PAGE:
This course explores the role of mergers and acquisitions and alternative methods of corporate development in advancing the strategies of operating business. Emphasis is on the way companies use acquisitions to alter business mixes; seize opportunities in new products, technologies and markets; enhance competitive positioning; adjust to changing economics, and promote valuecreating growth. Although the course will emphasize strategic acquisitions, it also will explore leveraged buyouts and hostile financial acquisitions as well as their influence on corporate buyers. Please note that you must fulfill the prerequisites in order to enroll in this class.


This course explores the role of mergers and acquisitions and alternative methods of corporate development in advancing the strategies of operating business. Emphasis is on the way companies use acquisitions to alter business mixes; seize opportunities in new products, technologies and markets; enhance competitive positioning; adjust to changing economics, and promote valuecreating growth. Although the course will emphasize strategic acquisitions, it also will explore leveraged buyouts and hostile financial acquisitions as well as their influence on corporate buyers. Please note that you must fulfil the prerequisites in order to enroll in this class.

Best Paper Proceedings, Business Policy and Strategy Division, Academy of Management Annual Meeting, 2017 Excellence in Teaching Award, Undergraduate Division, The Wharton School, 2017 Winner, Best Paper Prize, Strategic Management Society Annual Meeting, 2016 Best Paper Proceedings, Business Policy and Strategy Division, Academy of Management Annual Meeting, 2016 Strategic Management Journal Outstanding Editorial Review Board Member Award, 2015 Distinguished Paper Award, Business Policy and Strategy Division, Academy of Management Annual Meeting, 2012 Best Paper Proceedings, Business Policy and Strategy Division, Academy of Management Annual Meeting, 2012 Finalist, Wiley Blackwell Outstanding Dissertation Award in Business Policy and Strategy, Academy of Management, 2011 Outstanding Reviewer Award, BPS Division, Academy of Management, 2011 Finalist, William H. Newman Award (for the best singleauthored paper based on a dissertation completed in the past three years), Academy of Management, 2011 Wyss Award for Excellence in Doctoral Research, Harvard Business School, 2010 Dissertation Completion Fellowship, Harvard Business School, 2009 Certificate of Distinction in Teaching, Derek Bok Center, Harvard University, 2008 High Distinction, General Exam, Harvard Business School, 2005 Duesenberry Award, Economics Department, Harvard University, 2004 Hutchison Prize, Winthrop House, Harvard College, 2004

Analysis: Companies Make Up, Then Break Up, Pittsburgh PostGazette 05/27/2016 DellEMC’s New Name: Blunder or Brilliance?, Information Week 05/05/2016 What Ugly Financial Markets Mean for Community’s Big Spinoff Plans, Modern Healthcare 02/23/2016 Dysfunctional SymantecVeritas Deal Sets New Low Bar for Mergers, San Francisco Chronicle 02/11/2016 Will Xerox’s Spinoff Unlock Value for Investors?, Knowledge@Wharton 02/10/2016 Interview about Yahoo! Spinoff, Knowledge@wharton Business Radio 12/15/2015 What it’s all about: inside the DowDuPont merger, WHYY Radio Times 12/14/2015 Yahoo’s Tax Focus Has Squandered Big Chance, San Francisco Chronicle 12/14/2015 Industrial Giants DuPont, Dow Chemical Announce $130 Billion Merger, NPR 12/11/2015 U.S. is the M&A Prom Queen, as Dealmaking Record Set, Investor's Business Daily 12/09/2015 Is a DowDuPont Merger Good or Bad for U.S. Biz?, CBS MoneyWatch 12/09/2015 Selling the GoldenEgg Goose, The New Yorker 11/23/2015 ConAgra CEO Put His Stamp on the Company, and in a Hurry, Omaha WorldHerald 11/19/2015 Why Nikkei Is Betting Big on Digital Growth at the FT, Knowledge@Wharton 07/29/2015 Interview about the Nikkei sale of the FT, Knowledge@Wharton Business Radio 07/28/2015 The Dark Side of ‘Dual Directors’ in Corporate SpinOffs, Knowledge@Wharton 06/30/2015 DuPont, if Peltz Gets His Way, The News Journal 03/20/2015 Barnes & Noble is Betting Slimmer Company Can Beat Amazon, The Street 03/04/2015 How Barnes & Noble Can Recover from the Nook’s Downward Spiral, Knowledge@wharton 12/11/2014 The Mergers and Acquisitions Cycle: Buy. Divide. Conquer, New York Times 12/10/2014 Interview about Barnes & Noble – Nook, Knowledge@wharton Business Radio 12/10/2014 Barnes & Noble Move May Signal a Spinoff, NPR Marketplace 12/04/2014 Le Divorce, The New Yorker 11/03/2014 HP and the Case for Corporate Spinoffs, Knowledge@wharton 10/17/2014 Companies Seeing the Advantages in Spinoffs, New York Times 10/15/2014 Interview about HewlettPackard Spinoff, Knowledge@wharton Business Radio 10/08/2014 Allan Sloan’s Year in Review, CNN Money 12/23/2013 Picture This: Kodak without its Film Business, Knowledge@wharton Today 09/14/2012 Why Microsoft Nabbed the Nook, Knowledge@Wharton 05/01/2012 Research Roundup: Homeowner Mobility, Divestitures and the Real Impact of FDI, Knowledge@Wharton 12/07/2011 Homeowner Mobility, Divestitures, and the Real Impact of FDI, Knowledge@wharton 12/07/2011 Netflix: Two Companies, Double the Headaches?, Knowledge@Wharton 09/20/2011 Ernst & Young: Too Big to Fail?, Fortune 12/21/2010 An Indictment against Ernst & Young? Maybe Not, Washington Post 12/21/2010 KPMG Partners Lucked Out – Thanks to Enron & Arthur Andersen, Washington Post 09/06/2005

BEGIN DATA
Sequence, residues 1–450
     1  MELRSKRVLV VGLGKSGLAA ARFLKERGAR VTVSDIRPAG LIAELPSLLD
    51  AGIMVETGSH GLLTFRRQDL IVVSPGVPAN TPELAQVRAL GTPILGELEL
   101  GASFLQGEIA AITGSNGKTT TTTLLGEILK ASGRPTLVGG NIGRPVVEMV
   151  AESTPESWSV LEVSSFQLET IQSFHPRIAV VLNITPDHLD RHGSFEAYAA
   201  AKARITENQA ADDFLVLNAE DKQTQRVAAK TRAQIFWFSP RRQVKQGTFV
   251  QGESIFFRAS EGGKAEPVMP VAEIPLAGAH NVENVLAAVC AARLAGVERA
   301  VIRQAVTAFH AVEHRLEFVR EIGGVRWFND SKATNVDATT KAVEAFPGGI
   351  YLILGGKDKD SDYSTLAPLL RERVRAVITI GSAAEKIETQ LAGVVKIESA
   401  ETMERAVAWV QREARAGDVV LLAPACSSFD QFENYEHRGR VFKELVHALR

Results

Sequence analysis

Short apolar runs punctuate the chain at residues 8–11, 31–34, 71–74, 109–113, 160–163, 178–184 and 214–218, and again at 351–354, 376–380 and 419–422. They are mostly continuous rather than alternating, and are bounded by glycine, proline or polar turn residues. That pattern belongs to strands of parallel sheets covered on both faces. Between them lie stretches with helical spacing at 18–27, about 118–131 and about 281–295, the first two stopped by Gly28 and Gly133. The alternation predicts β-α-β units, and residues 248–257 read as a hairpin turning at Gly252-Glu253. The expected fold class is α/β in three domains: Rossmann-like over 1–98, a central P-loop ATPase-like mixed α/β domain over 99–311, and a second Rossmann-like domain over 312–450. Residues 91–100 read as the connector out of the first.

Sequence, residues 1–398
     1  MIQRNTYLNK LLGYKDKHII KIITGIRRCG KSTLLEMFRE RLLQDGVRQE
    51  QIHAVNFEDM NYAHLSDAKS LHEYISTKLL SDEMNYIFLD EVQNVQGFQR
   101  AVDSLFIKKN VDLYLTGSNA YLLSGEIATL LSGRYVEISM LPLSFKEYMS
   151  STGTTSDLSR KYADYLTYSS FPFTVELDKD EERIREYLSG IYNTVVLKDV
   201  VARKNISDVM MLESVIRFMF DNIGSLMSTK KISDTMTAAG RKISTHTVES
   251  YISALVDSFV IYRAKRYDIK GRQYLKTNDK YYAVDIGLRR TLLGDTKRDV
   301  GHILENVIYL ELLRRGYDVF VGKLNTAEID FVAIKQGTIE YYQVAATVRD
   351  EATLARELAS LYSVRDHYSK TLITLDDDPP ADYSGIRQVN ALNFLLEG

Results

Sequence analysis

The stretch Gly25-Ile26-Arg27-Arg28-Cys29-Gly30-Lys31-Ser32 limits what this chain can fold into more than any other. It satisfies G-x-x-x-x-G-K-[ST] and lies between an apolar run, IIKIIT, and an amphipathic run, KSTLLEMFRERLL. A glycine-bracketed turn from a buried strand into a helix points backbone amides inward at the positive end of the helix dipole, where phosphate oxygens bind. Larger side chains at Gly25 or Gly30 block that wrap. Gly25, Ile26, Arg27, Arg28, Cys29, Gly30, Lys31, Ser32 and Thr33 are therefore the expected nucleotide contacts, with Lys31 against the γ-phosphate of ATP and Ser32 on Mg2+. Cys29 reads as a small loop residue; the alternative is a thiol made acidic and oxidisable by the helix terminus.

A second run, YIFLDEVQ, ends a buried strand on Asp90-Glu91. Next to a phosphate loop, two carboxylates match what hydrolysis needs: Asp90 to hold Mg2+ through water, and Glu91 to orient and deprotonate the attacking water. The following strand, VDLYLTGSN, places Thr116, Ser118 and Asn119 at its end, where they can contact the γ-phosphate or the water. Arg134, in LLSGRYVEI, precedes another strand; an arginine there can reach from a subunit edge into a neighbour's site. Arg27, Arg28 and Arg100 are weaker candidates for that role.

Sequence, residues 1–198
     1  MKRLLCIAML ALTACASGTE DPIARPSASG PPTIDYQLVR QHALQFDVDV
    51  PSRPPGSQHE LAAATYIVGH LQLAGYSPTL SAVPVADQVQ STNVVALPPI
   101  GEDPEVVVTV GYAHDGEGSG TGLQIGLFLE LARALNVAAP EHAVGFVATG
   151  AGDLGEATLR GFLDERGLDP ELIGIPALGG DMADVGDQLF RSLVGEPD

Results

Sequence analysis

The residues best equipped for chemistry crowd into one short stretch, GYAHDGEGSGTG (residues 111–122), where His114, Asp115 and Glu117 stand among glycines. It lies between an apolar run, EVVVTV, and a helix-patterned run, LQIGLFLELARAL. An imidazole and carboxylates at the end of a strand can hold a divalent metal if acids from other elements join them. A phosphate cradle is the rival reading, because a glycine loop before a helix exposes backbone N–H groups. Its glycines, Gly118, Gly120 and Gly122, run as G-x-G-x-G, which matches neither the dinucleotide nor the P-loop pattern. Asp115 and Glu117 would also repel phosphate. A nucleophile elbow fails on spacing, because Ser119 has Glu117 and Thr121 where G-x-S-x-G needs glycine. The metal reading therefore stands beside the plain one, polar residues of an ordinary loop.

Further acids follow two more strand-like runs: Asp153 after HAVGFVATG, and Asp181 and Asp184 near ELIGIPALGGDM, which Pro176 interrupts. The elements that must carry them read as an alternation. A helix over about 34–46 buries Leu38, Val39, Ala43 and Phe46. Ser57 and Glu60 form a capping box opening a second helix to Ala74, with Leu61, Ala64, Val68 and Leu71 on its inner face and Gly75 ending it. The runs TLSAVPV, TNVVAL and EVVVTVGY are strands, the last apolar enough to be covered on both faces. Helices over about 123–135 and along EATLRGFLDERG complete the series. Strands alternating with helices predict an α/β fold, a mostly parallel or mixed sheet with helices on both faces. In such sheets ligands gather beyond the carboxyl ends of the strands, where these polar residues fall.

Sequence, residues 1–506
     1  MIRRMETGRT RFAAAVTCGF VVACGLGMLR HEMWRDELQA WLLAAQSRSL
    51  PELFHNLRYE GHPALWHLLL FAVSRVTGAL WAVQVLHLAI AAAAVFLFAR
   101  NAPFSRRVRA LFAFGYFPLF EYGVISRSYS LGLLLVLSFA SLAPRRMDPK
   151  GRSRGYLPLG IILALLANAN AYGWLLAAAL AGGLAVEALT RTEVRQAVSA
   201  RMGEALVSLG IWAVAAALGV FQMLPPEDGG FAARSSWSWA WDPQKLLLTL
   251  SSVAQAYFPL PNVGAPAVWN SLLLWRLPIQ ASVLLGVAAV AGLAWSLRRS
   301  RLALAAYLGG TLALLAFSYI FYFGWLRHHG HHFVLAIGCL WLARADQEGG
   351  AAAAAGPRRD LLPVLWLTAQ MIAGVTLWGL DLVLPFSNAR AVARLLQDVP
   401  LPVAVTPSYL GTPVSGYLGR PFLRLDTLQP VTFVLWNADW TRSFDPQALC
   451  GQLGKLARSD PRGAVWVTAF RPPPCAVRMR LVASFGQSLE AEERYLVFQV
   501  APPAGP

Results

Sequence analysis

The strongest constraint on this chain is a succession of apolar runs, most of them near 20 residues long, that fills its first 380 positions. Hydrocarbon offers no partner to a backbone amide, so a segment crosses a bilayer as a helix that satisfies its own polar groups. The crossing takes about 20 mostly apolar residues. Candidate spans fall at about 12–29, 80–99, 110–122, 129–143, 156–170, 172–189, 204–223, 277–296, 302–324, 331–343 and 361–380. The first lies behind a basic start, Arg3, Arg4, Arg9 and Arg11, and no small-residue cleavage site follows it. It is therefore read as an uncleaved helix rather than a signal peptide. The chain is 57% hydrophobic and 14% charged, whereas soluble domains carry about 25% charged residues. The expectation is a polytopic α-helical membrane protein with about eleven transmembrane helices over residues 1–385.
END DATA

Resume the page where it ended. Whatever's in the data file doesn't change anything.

Knowledge @ Wharton

What’s Behind the Latest Merger Mania?, Knowledge @ Wharton 11/29/2016 Will Xerox’s Spinoff Unlock Value for Investors?, Knowledge @ Wharton 02/10/2016 Is It Too Late to Reinvent Yahoo?, Knowledge @ Wharton 01/04/2016 Why Nikkei Is Betting Big on Digital Growth at the Financial Times, Knowledge @ Wharton 07/29/2015 The ‘Dark Side’ of Dual Directors in Corporate Spinoffs, Knowledge @ Wharton 06/30/2015


Courses Taught